Have you been seeing signs everywhere telling you to get your flu shot? And getting pressured to get your kids vaccinated? It’s the time of year that flu vaccine marketing is in full swing.
But is the flu vaccine an effective way to prevent the flu? And is it safe?
There is no reliable science that confirms flu vaccines are safe. And they are certainly not very effective.
In previous years, the Cochrane Collaboration published rigorous reviews of the studies on effectiveness of the flu vaccine. Here’s what they found:
- In children under the age of two, the efficacy of the vaccine was similar to placebo. In other words, not effective at all.
- In children age six or older, 28 kids would need to be vaccinated to prevent one case of influenza.
- In adults – 71 people would need vaccination to prevent one case of influenza. They also say the vaccine shows no significant effect on working days lost or hospitalization.
- Protection for pregnant women is uncertain or limited, and the protective effect on their newborns is not statistically significant.
What does the CDC say? Last season the CDC estimated that the flu vaccine was 43% effective against the virus that caused most influenza infections. During the 2014-15 season, effectiveness was just 19%, according to the CDC. This year the CDC says their cell-based flu vaccine, made by growing viruses in animal cells rather than in eggs, “has the potential to offer better protection”. It’s a big guess as to what that means.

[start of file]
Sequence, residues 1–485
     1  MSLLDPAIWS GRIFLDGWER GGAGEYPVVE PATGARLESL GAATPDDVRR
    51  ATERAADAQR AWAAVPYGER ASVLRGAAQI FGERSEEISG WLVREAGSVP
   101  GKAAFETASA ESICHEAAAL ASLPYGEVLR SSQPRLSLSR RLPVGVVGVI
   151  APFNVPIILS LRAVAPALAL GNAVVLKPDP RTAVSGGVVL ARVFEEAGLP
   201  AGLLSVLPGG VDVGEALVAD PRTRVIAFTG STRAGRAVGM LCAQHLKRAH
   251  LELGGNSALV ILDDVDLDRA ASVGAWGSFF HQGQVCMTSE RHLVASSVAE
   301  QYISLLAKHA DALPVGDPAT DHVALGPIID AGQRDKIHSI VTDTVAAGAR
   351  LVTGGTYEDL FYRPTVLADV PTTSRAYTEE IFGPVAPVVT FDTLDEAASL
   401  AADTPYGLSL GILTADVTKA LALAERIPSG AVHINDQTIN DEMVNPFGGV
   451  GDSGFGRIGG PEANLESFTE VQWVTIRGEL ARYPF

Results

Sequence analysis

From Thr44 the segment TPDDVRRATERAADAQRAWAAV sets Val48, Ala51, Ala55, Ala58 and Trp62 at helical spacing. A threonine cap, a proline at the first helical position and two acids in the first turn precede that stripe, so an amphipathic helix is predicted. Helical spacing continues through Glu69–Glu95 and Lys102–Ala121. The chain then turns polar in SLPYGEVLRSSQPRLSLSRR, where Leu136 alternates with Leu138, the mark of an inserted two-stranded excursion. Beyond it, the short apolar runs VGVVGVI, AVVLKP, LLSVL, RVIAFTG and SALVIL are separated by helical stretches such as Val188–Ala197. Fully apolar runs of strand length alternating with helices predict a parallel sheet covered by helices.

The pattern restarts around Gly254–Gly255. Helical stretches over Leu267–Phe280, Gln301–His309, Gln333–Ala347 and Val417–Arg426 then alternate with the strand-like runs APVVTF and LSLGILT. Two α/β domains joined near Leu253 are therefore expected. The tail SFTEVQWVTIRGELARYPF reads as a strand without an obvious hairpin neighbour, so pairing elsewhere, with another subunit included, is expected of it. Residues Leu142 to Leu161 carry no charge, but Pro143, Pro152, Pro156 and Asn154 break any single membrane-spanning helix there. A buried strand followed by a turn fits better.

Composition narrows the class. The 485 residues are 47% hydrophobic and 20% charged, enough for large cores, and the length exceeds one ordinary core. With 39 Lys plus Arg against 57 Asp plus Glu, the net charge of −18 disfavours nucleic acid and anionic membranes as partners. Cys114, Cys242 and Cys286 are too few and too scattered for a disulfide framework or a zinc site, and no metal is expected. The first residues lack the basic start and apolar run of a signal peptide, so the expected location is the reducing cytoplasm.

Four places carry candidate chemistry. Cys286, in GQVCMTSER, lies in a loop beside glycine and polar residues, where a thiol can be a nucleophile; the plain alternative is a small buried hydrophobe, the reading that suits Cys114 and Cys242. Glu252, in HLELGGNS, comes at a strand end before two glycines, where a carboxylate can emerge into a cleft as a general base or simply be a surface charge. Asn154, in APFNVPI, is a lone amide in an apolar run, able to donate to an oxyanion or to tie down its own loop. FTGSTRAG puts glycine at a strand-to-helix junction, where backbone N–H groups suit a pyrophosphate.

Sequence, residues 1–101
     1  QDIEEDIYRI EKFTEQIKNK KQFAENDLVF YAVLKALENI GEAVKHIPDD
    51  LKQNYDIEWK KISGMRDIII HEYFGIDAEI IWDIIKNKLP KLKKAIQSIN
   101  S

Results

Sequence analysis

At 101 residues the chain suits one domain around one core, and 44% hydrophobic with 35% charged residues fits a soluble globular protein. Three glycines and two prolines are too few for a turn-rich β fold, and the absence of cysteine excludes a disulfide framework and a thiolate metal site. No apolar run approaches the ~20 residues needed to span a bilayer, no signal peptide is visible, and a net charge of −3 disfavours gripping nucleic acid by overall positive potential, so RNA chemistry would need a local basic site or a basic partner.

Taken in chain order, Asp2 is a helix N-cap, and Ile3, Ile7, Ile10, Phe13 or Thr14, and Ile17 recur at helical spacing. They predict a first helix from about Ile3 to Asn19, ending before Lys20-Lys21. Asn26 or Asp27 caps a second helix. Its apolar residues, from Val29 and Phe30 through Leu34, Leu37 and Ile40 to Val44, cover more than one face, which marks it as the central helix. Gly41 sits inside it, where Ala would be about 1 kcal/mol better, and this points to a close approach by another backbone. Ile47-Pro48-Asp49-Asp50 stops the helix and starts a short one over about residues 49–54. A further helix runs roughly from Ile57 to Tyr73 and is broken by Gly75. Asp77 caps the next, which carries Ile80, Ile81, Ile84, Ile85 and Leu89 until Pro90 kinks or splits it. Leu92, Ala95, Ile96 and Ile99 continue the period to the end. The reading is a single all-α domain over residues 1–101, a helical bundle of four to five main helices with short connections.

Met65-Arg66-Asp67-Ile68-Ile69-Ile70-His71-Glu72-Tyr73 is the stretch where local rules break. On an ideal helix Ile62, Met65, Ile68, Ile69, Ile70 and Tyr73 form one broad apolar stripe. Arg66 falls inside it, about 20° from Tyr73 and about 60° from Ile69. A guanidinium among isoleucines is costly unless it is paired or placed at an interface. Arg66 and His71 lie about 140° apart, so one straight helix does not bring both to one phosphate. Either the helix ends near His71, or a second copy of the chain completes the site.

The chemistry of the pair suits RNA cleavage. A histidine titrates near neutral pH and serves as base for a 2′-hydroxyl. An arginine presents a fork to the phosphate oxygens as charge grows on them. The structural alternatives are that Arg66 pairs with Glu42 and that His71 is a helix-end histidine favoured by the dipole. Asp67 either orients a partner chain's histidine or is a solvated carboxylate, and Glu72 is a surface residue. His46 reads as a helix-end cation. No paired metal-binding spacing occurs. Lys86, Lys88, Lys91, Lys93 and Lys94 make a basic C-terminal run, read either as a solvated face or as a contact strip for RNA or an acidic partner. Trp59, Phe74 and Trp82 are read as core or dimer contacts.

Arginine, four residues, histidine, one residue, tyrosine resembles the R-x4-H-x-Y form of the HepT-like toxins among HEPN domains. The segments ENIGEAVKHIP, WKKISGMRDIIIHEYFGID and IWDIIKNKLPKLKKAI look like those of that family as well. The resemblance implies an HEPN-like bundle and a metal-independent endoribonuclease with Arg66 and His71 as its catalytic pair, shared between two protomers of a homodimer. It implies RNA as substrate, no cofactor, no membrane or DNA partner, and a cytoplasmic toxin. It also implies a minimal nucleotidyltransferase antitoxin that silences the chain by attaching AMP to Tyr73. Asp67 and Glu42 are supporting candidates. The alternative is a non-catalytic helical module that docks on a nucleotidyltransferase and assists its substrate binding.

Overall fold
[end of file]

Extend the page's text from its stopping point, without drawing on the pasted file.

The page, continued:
Did you know there are many other viruses circulating besides influenza viruses that cause the same exact symptoms as flu? There are over 200 viruses that can cause an influenza-like illness. Most “flu cases” that show up in hospitals and doctors’ offices are not even influenza. A flu shot that targets only influenza is not likely to prevent these illnesses.
The goal of public health is to induce people to get the flu shot whether it’s effective or not. They say, “It’s not perfect, but it’s the best we have.”
You might sort of agree with that line of thinking if the vaccine was safe. But there are adverse effects. You can find a lot of reports documenting health damage from flu shots, but let’s go directly to the manufacturer’s package insert.
You might want to read through the package insert, including the Warnings and Precautions and the Post Marketing Experience before deciding if it’s worth the risk to get a vaccine that is not very effective.
Here is the package insert for Afluria Quadrivalent, one of the vaccines recommended by the CDC for this flu season:
Note that the multi-dose vaccine contains 24.5 mcg of mercury per dose. That is a lot of mercury, considering that NO amount of mercury is safe, especially injected into a child’s developing body (and pregnant women)! Single dose preparations without mercury may be available, but you’ll need to specifically request it and make certain that is what you’re getting.
Note the part about the safety clinical trial – where instead of using a placebo, they compared the vaccine against other flu vaccines. The gold standard in safety research is to compare the drug or vaccine against an inert placebo. Other flu vaccines are nowhere close to being a placebo.
Unfortunately, when it comes to vaccines, you can rarely get the full story from your doctor or the media. You have to do your own research.
One way to begin your research is to read the package inserts of the vaccines you’re being told to get. You can find them here:
To find out what ingredients are in vaccines and to calculate ingredient exposures for multiple vaccines:
What’s a safer and more effective way to prevent illness? A strong, healthy immune system.
A child with a strong immune system has a good chance of staying healthy in spite of exposure to colds, flu, and other viruses. And if they do get sick, they can recover faster.
You can begin now to learn how to boost the immune system. Read about: